Airlines

How Boeing Stays Steady When Tragedy Strikes


Employees work on the final assembly line of a Boeing 777 airplane at the Boeing factory in Everett, Washington

Photograph by Patrick T. Fallon/Bloomberg

Employees work on the final assembly line of a Boeing 777 airplane at the Boeing factory in Everett, Washington

Even as investigators pick through debris and other evidence from Saturday’s crash in San Francisco, Boeing (BA) shares are perhaps counterintuitively cruising near record highs today. The crash landing of one of the company’s 777 planes left two people dead in what is being reviewed as a potential instance of pilot error.

This isn’t the first time in recent years that the planemaker’s shares have been steady in the wake of a headline-grabbing disaster. Investors were similarly unshaken in January 2008 when a British Airways 777 with ice-clogged fuel lines crashed short of a London runway. Boeing shares shed about 2 percent of their value that day but climbed back to their previous level in less than two weeks. More recently, Boeing stock has been ascending even as its new 787 model was grounded after a series of startling battery fires; shares are up almost 40 percent in 2013. So why are Boeing investors so stoic in the face of turbulent news?

Boeing in general, and the 777 in particular, was in a sweet spot before Saturday’s tragic crash. It now appears the plane is unlikely to have caused the wreck on San Francisco’s runway, which will leave the 777 with a virtually untarnished safety record as it is set to pass the 747 as the company’s second-best-selling jet. It is, as a result, one of the only planes certified by the FAA to fly up to 5.5 hours from the nearest airport—an edge that has generated orders from carriers with long, remote routes. As Boeing pulls back on production of its 767s and 747s, it is pushing the throttles on its 777, with some 1,100 shipped to date and nearly nine new planes made each month.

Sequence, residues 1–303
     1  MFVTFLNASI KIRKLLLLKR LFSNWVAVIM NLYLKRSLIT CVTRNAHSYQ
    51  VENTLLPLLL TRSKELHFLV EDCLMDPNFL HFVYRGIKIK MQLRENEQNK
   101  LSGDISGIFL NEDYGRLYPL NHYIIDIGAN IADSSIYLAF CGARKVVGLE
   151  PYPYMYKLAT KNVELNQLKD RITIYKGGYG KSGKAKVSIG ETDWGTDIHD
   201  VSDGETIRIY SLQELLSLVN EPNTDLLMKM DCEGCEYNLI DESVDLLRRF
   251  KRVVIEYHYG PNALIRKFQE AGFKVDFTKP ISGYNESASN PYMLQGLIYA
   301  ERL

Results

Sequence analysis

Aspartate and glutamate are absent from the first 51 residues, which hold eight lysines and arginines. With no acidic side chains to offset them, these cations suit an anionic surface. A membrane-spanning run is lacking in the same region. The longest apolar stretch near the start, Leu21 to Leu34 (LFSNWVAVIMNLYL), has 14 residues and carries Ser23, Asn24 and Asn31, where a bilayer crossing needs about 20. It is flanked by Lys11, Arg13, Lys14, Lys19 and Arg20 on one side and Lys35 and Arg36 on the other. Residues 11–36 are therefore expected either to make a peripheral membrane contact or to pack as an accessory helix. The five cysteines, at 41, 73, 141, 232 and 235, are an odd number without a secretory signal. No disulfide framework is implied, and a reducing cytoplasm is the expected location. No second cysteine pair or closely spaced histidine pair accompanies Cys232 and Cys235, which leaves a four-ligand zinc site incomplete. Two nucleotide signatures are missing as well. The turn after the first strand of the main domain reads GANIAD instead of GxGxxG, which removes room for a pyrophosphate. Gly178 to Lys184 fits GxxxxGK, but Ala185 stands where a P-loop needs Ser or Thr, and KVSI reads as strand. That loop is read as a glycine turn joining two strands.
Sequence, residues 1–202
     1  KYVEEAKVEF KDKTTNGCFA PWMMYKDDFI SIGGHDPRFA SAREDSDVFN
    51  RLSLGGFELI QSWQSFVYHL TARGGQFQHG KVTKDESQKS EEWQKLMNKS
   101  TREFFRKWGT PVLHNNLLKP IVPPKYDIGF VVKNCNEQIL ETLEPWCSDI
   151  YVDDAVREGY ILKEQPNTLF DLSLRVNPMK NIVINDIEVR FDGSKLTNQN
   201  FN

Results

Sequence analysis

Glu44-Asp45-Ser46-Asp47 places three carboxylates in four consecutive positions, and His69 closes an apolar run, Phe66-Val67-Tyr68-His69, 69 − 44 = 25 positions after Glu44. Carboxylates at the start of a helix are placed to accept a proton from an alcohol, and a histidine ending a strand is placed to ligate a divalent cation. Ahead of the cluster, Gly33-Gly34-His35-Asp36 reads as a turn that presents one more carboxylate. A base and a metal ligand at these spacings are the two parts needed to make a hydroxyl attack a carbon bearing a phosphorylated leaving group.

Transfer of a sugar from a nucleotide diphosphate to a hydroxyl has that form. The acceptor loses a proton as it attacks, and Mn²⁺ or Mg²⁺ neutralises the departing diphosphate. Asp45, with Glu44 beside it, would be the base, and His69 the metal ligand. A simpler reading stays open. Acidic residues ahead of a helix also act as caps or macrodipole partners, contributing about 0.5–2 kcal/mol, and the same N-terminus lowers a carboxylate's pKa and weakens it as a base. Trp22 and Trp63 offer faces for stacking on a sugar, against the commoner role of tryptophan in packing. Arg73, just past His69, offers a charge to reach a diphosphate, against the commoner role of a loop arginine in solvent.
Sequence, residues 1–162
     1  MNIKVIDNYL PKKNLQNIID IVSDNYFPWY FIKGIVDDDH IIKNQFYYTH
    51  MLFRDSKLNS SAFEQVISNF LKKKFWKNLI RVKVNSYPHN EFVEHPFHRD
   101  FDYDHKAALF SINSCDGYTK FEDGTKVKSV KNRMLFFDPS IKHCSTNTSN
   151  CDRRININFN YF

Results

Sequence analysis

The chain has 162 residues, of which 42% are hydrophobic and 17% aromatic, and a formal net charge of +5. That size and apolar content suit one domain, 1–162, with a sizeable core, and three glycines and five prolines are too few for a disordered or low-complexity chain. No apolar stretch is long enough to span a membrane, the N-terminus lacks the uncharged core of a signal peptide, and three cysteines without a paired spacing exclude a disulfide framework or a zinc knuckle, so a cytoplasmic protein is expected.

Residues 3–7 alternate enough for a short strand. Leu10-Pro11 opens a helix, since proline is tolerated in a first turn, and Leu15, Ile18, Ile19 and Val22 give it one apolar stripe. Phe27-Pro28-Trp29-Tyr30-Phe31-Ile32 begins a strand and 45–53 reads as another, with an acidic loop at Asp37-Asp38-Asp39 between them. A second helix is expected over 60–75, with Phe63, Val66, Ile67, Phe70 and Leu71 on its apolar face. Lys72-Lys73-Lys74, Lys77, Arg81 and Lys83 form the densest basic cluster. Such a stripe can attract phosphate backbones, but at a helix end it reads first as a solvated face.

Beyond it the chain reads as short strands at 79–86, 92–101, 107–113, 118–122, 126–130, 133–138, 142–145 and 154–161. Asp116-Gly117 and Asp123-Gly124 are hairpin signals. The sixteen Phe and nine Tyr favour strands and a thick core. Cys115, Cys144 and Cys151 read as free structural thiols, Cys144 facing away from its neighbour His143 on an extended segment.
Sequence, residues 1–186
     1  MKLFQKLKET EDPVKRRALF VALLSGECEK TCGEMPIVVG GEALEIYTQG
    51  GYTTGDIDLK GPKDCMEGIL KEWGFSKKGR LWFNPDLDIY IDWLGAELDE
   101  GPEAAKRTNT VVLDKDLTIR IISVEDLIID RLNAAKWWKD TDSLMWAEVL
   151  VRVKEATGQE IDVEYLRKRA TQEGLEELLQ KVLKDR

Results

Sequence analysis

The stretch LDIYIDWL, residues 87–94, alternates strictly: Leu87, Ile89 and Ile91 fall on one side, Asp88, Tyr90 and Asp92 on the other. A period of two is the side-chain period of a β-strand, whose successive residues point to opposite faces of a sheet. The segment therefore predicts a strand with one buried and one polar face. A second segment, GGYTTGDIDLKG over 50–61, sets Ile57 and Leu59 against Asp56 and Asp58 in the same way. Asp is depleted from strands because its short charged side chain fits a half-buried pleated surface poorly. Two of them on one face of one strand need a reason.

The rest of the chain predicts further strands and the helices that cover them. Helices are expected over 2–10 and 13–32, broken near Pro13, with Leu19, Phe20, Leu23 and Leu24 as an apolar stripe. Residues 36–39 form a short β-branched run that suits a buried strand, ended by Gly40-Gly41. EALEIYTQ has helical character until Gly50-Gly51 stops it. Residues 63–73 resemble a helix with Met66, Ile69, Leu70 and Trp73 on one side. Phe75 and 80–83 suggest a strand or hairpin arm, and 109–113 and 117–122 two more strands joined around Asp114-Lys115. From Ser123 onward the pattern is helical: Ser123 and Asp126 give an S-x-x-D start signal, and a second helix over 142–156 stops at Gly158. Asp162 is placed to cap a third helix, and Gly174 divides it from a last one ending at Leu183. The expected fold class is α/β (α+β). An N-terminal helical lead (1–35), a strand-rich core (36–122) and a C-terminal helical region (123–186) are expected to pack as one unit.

Investors appear to be betting on long-term growth in the airline industry, and that steadies shares in the face of what might otherwise be adverse news. Just last month, Boeing upgraded its 20-year forecast for airplane demand, estimating that the worldwide fleet will double to serve the middle-class of China and other developing markets. Airlines and cargo carriers will need to buy 35,280 new jets in the next two decades, according to the company.

Kyle-stock-190
Stock is an associate editor for Businessweek.com. Twitter: @kylestock

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